Protests halts development
June 11, 2008 · Updated 11:05 AM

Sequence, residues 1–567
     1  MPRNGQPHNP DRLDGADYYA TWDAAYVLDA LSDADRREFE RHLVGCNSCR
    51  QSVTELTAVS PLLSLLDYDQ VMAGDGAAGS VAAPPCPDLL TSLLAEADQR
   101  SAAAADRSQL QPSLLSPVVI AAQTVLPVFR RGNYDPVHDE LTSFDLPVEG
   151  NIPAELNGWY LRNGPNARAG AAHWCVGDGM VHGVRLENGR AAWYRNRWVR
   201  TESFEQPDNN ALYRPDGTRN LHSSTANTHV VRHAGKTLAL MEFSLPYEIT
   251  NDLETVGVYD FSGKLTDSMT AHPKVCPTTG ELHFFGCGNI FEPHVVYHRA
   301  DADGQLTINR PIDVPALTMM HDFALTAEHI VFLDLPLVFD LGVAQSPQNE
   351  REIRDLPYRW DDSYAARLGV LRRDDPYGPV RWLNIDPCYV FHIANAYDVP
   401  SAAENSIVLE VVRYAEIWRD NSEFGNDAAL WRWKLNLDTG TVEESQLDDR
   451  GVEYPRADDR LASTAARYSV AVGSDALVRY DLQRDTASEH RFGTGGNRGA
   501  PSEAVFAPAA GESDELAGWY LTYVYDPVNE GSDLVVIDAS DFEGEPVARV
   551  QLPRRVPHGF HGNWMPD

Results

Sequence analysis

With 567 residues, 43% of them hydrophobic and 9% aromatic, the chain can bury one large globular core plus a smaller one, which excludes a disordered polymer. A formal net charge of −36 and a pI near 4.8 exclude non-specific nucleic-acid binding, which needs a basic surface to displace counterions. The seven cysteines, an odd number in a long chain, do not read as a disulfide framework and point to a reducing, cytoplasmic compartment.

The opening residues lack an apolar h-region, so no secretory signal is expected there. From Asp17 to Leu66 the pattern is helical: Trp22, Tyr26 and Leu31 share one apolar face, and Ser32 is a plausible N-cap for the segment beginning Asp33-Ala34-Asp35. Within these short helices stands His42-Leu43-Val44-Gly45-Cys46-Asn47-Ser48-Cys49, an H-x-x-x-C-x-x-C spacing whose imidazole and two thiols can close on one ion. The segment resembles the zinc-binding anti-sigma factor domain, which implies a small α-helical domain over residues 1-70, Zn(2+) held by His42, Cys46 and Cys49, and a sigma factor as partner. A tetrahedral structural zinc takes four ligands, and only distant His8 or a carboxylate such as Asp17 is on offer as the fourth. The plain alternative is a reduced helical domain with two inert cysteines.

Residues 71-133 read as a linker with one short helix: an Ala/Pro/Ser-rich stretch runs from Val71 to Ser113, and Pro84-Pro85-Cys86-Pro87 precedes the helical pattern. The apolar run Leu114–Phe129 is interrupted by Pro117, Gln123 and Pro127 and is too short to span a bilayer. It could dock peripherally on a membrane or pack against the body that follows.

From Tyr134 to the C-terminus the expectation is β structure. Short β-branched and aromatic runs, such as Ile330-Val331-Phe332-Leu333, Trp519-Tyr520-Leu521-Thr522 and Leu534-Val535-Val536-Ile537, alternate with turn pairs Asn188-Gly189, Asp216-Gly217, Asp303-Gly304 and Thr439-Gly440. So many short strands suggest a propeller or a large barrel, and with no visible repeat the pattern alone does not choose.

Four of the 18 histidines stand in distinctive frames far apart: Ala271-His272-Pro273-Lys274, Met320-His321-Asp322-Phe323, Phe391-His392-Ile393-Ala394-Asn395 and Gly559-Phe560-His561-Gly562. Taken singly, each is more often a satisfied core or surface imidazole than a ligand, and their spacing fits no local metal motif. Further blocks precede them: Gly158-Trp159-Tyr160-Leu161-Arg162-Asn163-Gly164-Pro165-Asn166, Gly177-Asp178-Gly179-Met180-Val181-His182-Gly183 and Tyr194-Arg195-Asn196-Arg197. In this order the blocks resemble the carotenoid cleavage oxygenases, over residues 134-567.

"For property owner Steve Austin, a plan to build his proposed Creekside Plaza, with a restaurant, office complex and animal hospital next to Clear Creek at Dye's Inlet finally was beginning to come together.But the county's development office brought it to a screeching halt when it withdrew a State Environmental Policy Act study on the area after the Suquamish Tribe filed an appeal. The tribe claims that the development would negatively impact chinook salmon in the creek.The mandatory public hearing for Austin's project was postponed indefinitely while the county Department of Community Development reviews his SEPA, said Darryl Piercy of the planning office.At issue is the wetlands' classification, and Austin's proposed 115-foot buffer and setback between the development and the creek, said Piercy. In the withdrawn SEPA the area is classified as a Class 2 wetlands, requiring a 100-foot setback, with a 15-foot construction buffer, Piercy said.The tribe said the area is a Class 1 wetland, an area of salt-water influence with adjacent areas of fresh-water wetlands, Piercy said.The tribe's appeal holds the requirement is 200 feet, with the 15-foot construction setback.We want to reevaluate our determination based on the information from the tribe, Piercy said. Our plans are to call in the (state) Department of Ecology to evaluate the issues of the type of wetland.Meanwhile, Austin's project is on indefinite hold.I really don't know what happens from here, he said. I have a meeting with Bruce Freeland, director of the Department of Community Development. I won't know 'til then how much of a setback will be required.He said his plan included a larger buffer than other projects on the creek, and any call for more by the county would make his project unfeasible.Apart from the Suquamish Tribe's appeal, Austin said his big problem has been with delays by the county for the required public hearings.We were promised to have a public hearing the first Thursday of August, he said. But they were waiting for the county to fill out the SEPA report, so the date was bumped to the first week of September, then to Sept. 27. Then the Suquamish Tribe filed their appeal.Austin feels the county didn't do its homework.We had our wetland determination in in March, he said.He believes the appeal is absolutely bogus.If that's a Class 1 wetland, the county wouldn't be able to put in the proposed bridge, they wouldn't be able to widen Bucklin Hill Road, and they wouldn't be able to do anything in the (Old Mill site) park but plant grass, he said.He said the tribe just read our report and fought it.Not so, said tribe spokeswoman Phyllis Meyers.We have a biologist on staff who had wetland training, and we're pretty familiar with that area, she said.She said the county made a mistake, and needs to require an environmental impact statement on the area.I think there's a lot of misunderstanding about the tribe's involvement with this and other developments, she said. It's not that the Suquamish have singled out this project for any reason. The regulations haven't changed ... what's changed is the way they apply, since chinook salmon are in Clear Creek, she said.Chinook were listed as threatened under the Endangered Species Act about a year ago.The setback is not consistent for the regulations required, Meyers noted.We're not pushing for a new or different rule. We just want what's in the books implemented. "